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File: 26d8c174fdd3fdf⋯.png (5.43 KB, 281x180, 281:180, images.png)

 No.872

Why do people use this Freetardism "Freedoms" for anything software, when most of this is easy to argue against. This person made a good webpage explaining the errors of this.

https://digdeeper.neocities.org/ghost/freetardism.html

But if you're not willing to go to the side, here's his writing of that section:

"The four essential freedoms A program is free software if the program's users have the four essential freedoms: [1]"

Okay, so a program has to satisfy some defined freedoms to be considered "free software". But do those freedoms actually have any relevancy to actual, practical freedom?

Freedom 0

"The freedom to run the program as you wish, for any purpose (freedom 0)."

"The freedom to run the program […] without being required to communicate about it with the developer or any other specific entity. " - You mean that, for all those years I've been using Windows programs, I've been required to communicate with some "entities"? That's funny.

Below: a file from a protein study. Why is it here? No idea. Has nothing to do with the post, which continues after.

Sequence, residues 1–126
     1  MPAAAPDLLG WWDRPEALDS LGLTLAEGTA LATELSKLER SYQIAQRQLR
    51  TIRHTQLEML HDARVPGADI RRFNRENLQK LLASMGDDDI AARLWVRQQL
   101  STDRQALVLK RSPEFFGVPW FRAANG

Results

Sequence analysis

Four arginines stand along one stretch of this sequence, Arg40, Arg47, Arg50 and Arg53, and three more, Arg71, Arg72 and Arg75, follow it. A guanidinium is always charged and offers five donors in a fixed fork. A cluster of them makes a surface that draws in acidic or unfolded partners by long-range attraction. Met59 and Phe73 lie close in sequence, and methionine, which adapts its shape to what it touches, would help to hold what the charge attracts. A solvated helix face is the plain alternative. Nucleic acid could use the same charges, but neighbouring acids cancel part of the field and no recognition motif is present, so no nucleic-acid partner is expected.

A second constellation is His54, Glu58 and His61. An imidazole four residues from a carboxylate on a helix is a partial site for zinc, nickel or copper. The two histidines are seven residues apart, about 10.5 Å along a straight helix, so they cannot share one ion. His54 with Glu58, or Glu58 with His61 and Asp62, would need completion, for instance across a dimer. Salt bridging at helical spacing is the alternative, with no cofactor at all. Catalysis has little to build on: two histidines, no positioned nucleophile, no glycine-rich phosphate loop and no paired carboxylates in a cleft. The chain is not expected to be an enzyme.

"In this freedom, it is the user's purpose that matters, not the developer's purpose" - This is actually impossible - the purpose is always defined by the programmers. And "free software" might still impose unwanted "purposes" onto you - like all the "free software" browsers on https://spyware.neocities.org/articles/ (archive). On the other hand, a nonfree software might make its purpose evident and not violate it - and will provide more actual freedom than so-called free software.. Also,

"The freedom to run the program as you wish means that you are not forbidden or stopped from making it run" - this is easy to violate in the so-called "free software". What prevents me from making a program that can only be run on Wednesdays? Nothing.

Freedom 1

"The freedom to study how the program works, and change it so it does your computing as you wish (freedom 1). Access to the source code is a precondition for this."